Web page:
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Fun with scientists

Keith Moore looks through our collection of photographic portraiture and finds some images of scientists letting their hair down a little.

The physiologist Mary Pickford managed to capture quite a few eminent Fellows in less-than-dignified situations. My personal favourite is the future Royal Society President Sir Henry Dale taking the deck tennis just a little too competitively.

In these days of interrupted and curtailed air flights and back-to-back online Teams meetings, it’s interesting to look back to times when scientists still had to travel to meet up, but in a far more civilised way. Will we return to an era of leisurely sea voyages? Probably not, but it’s a nice idea to contemplate.

Most of the Royal Society’s collection of photographic portraiture is pretty formal, but there are some images showing scientists letting their hair down a little. Often, it happened when they were travelling from A to B or participating in meetings organised by the likes of the British Association for the Advancement of Science, or the International Unions. Colleagues would travel together, inevitably, and if someone happened to take along a camera, you can get a quite different perspective on the people involved.

Marie Curie at Birmingham University, 1913Marie Curie and friends at Birmingham University, 1913

There were formal events of course. During the 1913 BAAS meeting in Birmingham, Marie Curie (1867-1934) received an honorary degree and can be seen looking rather stiff in this official group photograph with Oliver Lodge, and (among others) her fellow Nobel Laureates Svante Arhennius and Hendrik Lorentz. Given that Lodge described her as ‘the greatest woman scientist of all time’ in the degree award speech, she can be forgiven, perhaps, for feeling obliged to keep very still for the camera.

Botanists’ barbecue in Canada, 1924Botanists’ barbecue in Canada, with Clara Pratt [?], centre, 1924

Fast forward a decade to 1924, and the British Association meeting in Toronto seems much more fun. Informal snaps of Botany Section activities feature some younger researchers, where plant-hunting and picnicking seemed to be the order of the day. The Society has just acquired an album of photographs from the Canada jaunt and although there are a limited number of pictures, it’s striking that women scientists feature prominently, from relative newcomers such as (we believe) Clara Pratt, to more established scientists, including the Cambridge-based geneticists Edith Saunders (1865-1945); and Ethel Thomas (1876-1944), then establishing her laboratory at Leicester University. Seeing an image of two women scientists in animated discussion from this period is a rarity, in the Society’s archives at least.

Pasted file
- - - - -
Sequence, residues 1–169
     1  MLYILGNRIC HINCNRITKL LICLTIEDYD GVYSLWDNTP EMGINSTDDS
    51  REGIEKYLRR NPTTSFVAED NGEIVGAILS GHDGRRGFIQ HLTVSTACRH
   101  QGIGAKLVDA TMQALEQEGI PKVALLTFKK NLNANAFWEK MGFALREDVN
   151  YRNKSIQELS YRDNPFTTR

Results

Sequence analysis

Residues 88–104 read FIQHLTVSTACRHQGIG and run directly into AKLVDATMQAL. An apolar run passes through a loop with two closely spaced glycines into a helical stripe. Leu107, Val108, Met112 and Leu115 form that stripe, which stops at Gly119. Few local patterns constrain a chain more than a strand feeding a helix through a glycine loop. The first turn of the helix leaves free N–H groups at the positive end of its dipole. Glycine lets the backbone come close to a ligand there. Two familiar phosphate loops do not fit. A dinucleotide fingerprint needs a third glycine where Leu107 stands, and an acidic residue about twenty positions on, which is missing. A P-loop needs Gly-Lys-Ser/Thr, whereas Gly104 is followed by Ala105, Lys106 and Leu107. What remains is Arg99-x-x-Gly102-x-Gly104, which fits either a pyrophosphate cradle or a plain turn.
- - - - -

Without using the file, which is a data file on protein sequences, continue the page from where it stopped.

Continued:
Edith Rebecca Saunders with Ethel Miles Thomas, 1924Edith Rebecca Saunders with Ethel Miles Thomas, 1924

By 1929, things were really loosening up. The physiologist Mary Pickford (1902-2002) attended the International Union of Physiology in Boston, USA, taking pictures of her peers as they whiled away the transatlantic voyage aboard the Minnekahda. Later elected a Fellow of the Royal Society herself (in 1954), Pickford managed to capture quite a few eminent Fellows in less-than-dignified situations. My personal favourite is the future Royal Society President Sir Henry Dale (1875-1968) taking the deck tennis just a little too competitively.

Henry Dale and team-mate, 1929A triumphant Henry Dale and team-mate, 1929

It’s clear from contemporary accounts that Pickford enjoyed herself – every time she disembarked from a boat or train, she’d be surrounded by the Press, routinely mistaking her for the Hollywood legend of the same name. Well, it was the Roaring Twenties in America – and what could be more fun than that?

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